Steven Ward (12-0, 4 KOs) discovered something about himself in his fight of the year contender win over Liam Conroy in June.
In trouble in the second round, down in the fourth and suffering a bad cut ticked boxes of durability, recovery, heart and, eventually, skill to win the vacant WBO European Light Heavyweight title in Belfast.
“I think that was a good example for me to know that if gets tough, spit and sawdust, then I had it in me to win which I always knew,” said Ward referring to his most recent win.
Ward had to dig deep and pass a gut check but he dealt with it. It was an enthralling bout, one that hopefully is remembered when the end of the year awards are being handed out. But, for the man from Belfast, it was time to assess what he did wrong when he reflected on it afterwards with his team.
“The fight was good, good for the fans, but there were times when it was careless boxing. It was very wild. You should be at a point where you’re coming away from a fight like that and you’re learning and if you’re not there’s no real point in boxing.
“When we got back to the changing room Nigel Travis [part of Ward’s training team] said to me we’ll have a chat about that fight. I did a lot of things wrong and we’ve talked about them. It was a great fight but I think not long after it was taken off its pedestal from what I did wrong. In training I’ve got myself in the same positions but there’s not been the same outcome as in getting a bit wild. But listen, it was good to have it, because it’s good to know I have that in the tank if I need it. Them demons were answered in my head which is one thing a fighter should always have.”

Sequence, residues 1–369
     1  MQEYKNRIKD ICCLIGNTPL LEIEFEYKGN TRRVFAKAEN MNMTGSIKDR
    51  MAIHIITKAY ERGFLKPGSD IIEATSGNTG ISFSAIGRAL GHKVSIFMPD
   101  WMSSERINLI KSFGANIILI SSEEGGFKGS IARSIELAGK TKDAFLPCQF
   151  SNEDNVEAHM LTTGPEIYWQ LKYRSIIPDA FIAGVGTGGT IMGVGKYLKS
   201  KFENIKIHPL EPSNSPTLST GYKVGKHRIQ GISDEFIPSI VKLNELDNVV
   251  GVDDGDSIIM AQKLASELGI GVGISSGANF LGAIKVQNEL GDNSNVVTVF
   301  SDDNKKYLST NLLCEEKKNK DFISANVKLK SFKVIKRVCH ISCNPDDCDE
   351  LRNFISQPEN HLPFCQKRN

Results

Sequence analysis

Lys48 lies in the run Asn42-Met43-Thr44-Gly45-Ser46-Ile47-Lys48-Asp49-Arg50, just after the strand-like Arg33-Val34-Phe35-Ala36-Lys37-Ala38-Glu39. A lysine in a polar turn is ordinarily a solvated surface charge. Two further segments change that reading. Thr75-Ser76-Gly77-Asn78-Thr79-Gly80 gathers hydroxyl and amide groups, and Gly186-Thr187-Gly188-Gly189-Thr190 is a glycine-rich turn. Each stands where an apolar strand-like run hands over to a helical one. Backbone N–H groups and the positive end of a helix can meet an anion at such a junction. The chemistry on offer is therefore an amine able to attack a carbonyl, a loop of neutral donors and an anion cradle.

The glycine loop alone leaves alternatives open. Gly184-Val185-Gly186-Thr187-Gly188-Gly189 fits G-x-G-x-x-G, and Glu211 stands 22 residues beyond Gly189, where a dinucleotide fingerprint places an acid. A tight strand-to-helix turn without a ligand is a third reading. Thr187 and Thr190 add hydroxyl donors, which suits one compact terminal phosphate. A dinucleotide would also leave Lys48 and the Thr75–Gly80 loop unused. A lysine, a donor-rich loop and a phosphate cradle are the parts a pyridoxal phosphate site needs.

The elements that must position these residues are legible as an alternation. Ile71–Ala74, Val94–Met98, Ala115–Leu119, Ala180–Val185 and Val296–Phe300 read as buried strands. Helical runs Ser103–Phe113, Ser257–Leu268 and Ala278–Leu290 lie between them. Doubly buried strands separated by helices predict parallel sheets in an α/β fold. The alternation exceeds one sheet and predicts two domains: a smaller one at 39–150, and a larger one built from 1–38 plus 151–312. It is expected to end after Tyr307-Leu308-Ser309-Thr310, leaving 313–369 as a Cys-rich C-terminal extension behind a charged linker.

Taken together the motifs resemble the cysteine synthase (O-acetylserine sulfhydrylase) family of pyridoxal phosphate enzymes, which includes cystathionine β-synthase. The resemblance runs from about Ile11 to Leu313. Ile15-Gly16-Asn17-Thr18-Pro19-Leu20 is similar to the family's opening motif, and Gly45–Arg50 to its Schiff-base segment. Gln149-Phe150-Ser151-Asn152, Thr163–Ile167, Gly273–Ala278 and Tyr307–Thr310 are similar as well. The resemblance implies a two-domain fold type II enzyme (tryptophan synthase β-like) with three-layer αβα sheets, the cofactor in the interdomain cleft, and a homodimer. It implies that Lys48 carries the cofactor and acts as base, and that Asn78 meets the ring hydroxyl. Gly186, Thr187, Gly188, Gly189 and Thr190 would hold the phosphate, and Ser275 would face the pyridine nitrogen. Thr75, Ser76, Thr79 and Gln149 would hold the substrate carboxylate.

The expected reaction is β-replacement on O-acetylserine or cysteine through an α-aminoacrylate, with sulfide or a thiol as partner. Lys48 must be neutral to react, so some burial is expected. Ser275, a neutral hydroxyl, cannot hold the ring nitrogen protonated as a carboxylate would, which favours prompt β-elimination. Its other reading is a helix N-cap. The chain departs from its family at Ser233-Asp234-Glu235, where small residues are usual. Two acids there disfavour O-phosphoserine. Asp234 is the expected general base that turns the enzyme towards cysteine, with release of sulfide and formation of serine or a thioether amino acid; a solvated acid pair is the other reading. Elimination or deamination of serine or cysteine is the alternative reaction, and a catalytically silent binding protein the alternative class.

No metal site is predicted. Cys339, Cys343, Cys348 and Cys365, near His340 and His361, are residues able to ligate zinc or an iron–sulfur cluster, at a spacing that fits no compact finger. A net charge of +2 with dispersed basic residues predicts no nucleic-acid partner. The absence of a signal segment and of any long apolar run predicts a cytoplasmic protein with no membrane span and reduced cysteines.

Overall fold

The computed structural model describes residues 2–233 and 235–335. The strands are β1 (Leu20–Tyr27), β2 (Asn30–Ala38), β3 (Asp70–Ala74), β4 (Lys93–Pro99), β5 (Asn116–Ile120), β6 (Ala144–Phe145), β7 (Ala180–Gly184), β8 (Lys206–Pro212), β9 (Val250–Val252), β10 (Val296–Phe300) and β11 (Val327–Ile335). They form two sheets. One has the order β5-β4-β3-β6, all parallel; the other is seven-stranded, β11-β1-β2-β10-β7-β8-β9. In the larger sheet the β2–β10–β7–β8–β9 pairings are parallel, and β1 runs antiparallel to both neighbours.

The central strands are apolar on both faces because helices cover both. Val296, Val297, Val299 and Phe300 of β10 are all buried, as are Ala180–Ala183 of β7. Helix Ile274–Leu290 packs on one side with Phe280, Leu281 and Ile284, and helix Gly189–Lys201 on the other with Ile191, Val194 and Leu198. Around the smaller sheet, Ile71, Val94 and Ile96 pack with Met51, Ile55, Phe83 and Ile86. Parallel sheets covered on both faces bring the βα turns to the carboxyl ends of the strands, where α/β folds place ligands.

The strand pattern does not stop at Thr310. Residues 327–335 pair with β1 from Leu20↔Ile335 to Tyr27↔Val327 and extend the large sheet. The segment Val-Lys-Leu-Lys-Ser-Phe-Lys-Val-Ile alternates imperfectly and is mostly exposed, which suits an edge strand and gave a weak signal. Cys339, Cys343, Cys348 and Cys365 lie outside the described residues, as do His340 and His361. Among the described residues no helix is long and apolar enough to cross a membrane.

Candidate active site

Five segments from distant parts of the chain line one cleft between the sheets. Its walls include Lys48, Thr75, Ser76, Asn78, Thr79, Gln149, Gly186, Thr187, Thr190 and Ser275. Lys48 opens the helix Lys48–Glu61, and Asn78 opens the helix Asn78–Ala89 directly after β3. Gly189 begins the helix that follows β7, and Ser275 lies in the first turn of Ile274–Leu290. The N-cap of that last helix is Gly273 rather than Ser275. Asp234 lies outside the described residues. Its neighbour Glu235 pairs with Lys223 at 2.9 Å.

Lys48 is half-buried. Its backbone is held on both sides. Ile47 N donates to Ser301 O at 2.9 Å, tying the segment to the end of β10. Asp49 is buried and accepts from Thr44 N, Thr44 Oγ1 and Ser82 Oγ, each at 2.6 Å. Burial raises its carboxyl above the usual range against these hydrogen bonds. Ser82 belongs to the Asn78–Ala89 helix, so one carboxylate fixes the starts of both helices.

Ward and Conroy conversed in the changing rooms afterwards. Respect being thrown both ways. Two honest, fighting men who gave the Belfast crowd more than their money’s worth but exchanged plenty of pleasantries once the punches had stopped.
The pair are in each other’s vicinity once again but this time in the form of a tournament. Ward, Conroy and half a dozen others take part in the third edition of MTK’s Golden Contract, on Saturday night, which this time offers up the light heavyweight division.
When the draw was made there might have been some of us who were hoping the pair would face each other once again. For now, it’s not to be. Ward faces Ricards Bolotnik while Conroy takes on Andre Sterling. The rematch will have to wait, for now.
“The second fight would be completely different to the first,” Ward said.
“I think if we fought again it could end up the way it did the first time but it could be a completely different scenario as well. I like Liam, he came in the changing room after, he had no chip on his shoulder. He’s dead on. We sat and talked. I’d love to see me and him in the final. Liam’s a good fighter. He’s a bit like myself, happy to stand in the background and doesn’t shout from the hill tops like some of the other fighters. He’s a very underrated fighter and he’s a nice guy.”